Morgan Hoffmann knew something was wrong.
Knew something wasn’t right with his body but didn’t know what.
It took what seemed like forever for him to finally get the shattering news — it was Muscular Dystrophy.
Then came the life-shattering, life-changing four words from the doctor who diagnosed him:
“There is no cure.”
“Before I tell you what this will mean for me going forward, I have to tell you where I’m coming from — for myself as much as anything. To be honest, my diagnosis still hasn’t really sunk in yet. Maybe this is just a bad dream. Maybe my pec muscles will just grow back. Those were some of my first thoughts.
I know that I must fully accept this challenge, but doing that is so hard. The reasons why I know I’ll be able to persevere — to conquer the future that’s in front of me — are my childhood, my best friends, my family, my mentors and my dreams.”
So began Hoffmann as he penned his thoughts and story for The Players Tribune.
This is a tough one to talk about, tough to write about.
It reminds us how life is to be cherished and how a healthy body can be taken for granted.
Now Hoffmann takes nothing for granted, but has embraced his circumstances with an amazing attitude.
He spoke of his game plan:
“In my case, my muscular dystrophy is currently causing my right and left pecs to atrophy. Where the disease will attack next, I’m not sure. The characteristics of this specific type of MD (facioscapulohumeral muscular dystrophy) are atrophy of the chest, back, neck, arms and sometimes legs. Each case is different, and some muscles degenerate more quickly than others. As of now the disease has progressed slowly — only the right and a minimal amount of the left pec have deteriorated since I first started noticing an issue six years ago. Doctors are searching for a cure, conducting stem cell research and experimenting with growth hormone treatments. I’m hopeful that they are on the right track.”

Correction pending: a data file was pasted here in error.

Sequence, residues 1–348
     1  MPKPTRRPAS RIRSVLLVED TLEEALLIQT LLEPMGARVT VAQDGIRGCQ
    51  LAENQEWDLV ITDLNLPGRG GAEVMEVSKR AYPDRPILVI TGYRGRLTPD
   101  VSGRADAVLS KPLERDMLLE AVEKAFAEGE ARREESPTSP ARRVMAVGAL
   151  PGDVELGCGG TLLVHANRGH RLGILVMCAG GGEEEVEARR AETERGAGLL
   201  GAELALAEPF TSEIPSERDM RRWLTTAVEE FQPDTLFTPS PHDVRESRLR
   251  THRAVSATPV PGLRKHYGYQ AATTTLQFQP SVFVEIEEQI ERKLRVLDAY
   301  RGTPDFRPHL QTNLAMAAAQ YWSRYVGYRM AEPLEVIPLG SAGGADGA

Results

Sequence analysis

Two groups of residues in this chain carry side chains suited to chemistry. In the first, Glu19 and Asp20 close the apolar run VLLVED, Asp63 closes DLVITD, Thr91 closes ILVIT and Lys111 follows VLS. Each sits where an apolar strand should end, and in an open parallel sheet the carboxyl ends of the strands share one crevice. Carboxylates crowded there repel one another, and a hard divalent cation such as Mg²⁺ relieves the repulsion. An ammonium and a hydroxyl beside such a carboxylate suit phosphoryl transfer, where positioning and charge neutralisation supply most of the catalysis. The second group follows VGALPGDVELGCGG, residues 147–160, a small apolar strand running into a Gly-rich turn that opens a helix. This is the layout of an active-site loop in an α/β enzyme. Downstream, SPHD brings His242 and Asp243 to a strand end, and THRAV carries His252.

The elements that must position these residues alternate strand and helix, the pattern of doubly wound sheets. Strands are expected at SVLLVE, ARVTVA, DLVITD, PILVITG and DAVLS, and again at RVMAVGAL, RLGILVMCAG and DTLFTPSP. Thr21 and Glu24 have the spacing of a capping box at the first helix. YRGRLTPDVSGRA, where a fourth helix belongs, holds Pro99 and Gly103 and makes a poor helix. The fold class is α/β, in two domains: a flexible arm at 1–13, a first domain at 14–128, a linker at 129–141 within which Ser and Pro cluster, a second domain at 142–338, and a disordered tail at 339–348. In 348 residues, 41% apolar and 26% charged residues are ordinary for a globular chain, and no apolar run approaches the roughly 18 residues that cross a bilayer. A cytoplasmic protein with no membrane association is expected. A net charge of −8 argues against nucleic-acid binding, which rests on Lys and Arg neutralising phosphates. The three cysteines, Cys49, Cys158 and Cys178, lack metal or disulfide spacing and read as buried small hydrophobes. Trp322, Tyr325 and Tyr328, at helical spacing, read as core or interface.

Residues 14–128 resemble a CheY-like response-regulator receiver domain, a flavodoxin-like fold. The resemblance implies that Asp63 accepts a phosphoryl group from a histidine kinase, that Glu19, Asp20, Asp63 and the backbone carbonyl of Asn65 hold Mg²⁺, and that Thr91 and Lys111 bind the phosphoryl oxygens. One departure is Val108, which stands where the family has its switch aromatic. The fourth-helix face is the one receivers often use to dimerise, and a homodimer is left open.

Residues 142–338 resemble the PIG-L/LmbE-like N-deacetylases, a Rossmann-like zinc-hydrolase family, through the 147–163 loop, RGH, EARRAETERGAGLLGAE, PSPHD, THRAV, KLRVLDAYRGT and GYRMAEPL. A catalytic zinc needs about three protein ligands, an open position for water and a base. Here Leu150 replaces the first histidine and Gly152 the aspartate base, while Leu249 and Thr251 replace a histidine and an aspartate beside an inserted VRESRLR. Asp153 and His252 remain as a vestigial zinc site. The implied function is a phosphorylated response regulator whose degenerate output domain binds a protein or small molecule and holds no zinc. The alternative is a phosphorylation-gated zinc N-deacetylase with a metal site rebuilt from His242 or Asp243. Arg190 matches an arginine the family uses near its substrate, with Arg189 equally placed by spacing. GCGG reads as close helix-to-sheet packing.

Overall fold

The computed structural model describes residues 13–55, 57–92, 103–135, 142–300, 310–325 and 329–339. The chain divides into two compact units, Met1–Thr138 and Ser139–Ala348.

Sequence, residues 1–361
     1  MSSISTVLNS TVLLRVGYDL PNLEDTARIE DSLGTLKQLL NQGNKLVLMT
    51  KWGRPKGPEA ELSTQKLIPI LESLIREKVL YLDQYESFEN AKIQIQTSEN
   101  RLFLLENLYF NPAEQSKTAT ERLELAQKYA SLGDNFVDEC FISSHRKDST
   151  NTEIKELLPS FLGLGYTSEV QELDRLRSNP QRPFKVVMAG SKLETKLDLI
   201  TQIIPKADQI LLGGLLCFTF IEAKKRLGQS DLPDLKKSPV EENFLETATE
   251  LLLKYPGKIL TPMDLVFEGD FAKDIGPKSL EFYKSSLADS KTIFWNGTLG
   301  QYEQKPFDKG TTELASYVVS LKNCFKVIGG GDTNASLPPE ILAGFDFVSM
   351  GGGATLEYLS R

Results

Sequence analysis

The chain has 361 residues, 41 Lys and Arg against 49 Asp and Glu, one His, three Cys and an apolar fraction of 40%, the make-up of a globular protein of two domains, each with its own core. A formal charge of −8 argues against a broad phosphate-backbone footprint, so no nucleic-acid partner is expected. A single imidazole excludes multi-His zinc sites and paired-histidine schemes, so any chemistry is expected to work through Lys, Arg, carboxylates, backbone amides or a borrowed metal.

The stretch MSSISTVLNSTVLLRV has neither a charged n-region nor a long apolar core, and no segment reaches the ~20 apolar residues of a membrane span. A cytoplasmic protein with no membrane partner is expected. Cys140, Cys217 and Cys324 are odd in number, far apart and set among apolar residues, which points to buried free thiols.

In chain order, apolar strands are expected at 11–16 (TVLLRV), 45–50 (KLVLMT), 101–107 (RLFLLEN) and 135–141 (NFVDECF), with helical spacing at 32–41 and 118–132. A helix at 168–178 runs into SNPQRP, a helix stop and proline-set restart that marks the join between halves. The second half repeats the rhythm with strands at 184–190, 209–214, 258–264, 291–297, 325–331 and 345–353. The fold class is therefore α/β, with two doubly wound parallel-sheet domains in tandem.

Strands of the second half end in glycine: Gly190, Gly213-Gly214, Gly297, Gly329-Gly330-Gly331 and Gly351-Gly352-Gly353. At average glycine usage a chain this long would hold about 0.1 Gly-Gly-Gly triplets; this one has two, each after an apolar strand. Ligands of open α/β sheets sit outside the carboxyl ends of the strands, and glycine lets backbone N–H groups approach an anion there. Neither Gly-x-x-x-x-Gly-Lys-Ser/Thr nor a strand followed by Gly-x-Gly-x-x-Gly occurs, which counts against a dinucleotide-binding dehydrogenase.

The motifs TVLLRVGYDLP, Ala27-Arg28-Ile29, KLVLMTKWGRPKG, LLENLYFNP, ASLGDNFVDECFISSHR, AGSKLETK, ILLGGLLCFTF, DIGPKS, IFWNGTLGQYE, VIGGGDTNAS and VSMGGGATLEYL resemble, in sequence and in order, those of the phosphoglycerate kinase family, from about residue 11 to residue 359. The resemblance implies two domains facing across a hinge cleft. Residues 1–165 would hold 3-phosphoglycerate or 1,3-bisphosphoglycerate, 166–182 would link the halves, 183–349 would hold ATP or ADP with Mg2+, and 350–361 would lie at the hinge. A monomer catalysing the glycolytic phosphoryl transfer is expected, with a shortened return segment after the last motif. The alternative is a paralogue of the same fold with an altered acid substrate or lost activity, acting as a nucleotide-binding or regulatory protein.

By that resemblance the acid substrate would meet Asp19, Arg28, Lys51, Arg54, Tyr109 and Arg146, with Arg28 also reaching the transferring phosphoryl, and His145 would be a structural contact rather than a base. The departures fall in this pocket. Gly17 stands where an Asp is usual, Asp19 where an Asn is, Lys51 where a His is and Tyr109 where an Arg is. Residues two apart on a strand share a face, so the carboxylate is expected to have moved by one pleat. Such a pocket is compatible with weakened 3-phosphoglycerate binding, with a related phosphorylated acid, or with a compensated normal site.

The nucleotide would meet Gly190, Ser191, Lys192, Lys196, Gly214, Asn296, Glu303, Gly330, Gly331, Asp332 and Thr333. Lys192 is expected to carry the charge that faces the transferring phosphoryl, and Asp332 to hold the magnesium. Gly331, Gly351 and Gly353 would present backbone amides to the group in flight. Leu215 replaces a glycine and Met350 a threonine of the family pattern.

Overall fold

The important thing to know is that Hoffmann is not feeling sorry for himself. No “why me?” from the kid from New Jersey who has realized his childhood dream and made it to the PGA Tour.
He had his best season in 2017 despite the deterioration of his right pectoral muscle. He earned just north of $1,278,000 and made it into the FedEx Cup playoffs for the first time. He sniffed victory at the Honda Classic but finished second last season.
A season like that might be considered a breakthrough for a 28-year-old player who has worked his way into that top 100 club on the PGA Tour.
Instead, must now compete against a disease that slowly but surely takes its toll on the human body.
Hoffmann has found new resolve, and something he now considers much bigger than a professional golf career.
He put it into word that will echo with anyone who reads them:
“I believe now that this is why I was put on this earth — so that when a child is diagnosed with muscular dystrophy, there will be a cure; there will be people to help with mental, nutritional and physical training guidance. And especially so that no disease will ever hinder a little boy’s or girl’s passion for life.
Even though the type of muscular dystrophy that I have doesn’t pose an immediate threat to my life, there is a good chance that it will shorten it. I don’t know when that will happen, because there’s no way to gauge the speed at which the disease will spread.
But please know this: This disease won’t keep me from achieving my dream of winning on the PGA Tour — and it shouldn’t keep anyone else from chasing their dreams either.”
Morgan Hoffmann is a young man everyone can pull for, admire and pray for.
As he reminds us, there are higher callings, noble causes to embrace.
He is someone we can all look up to, someone we can admire, someone who shows us what real courage looks like.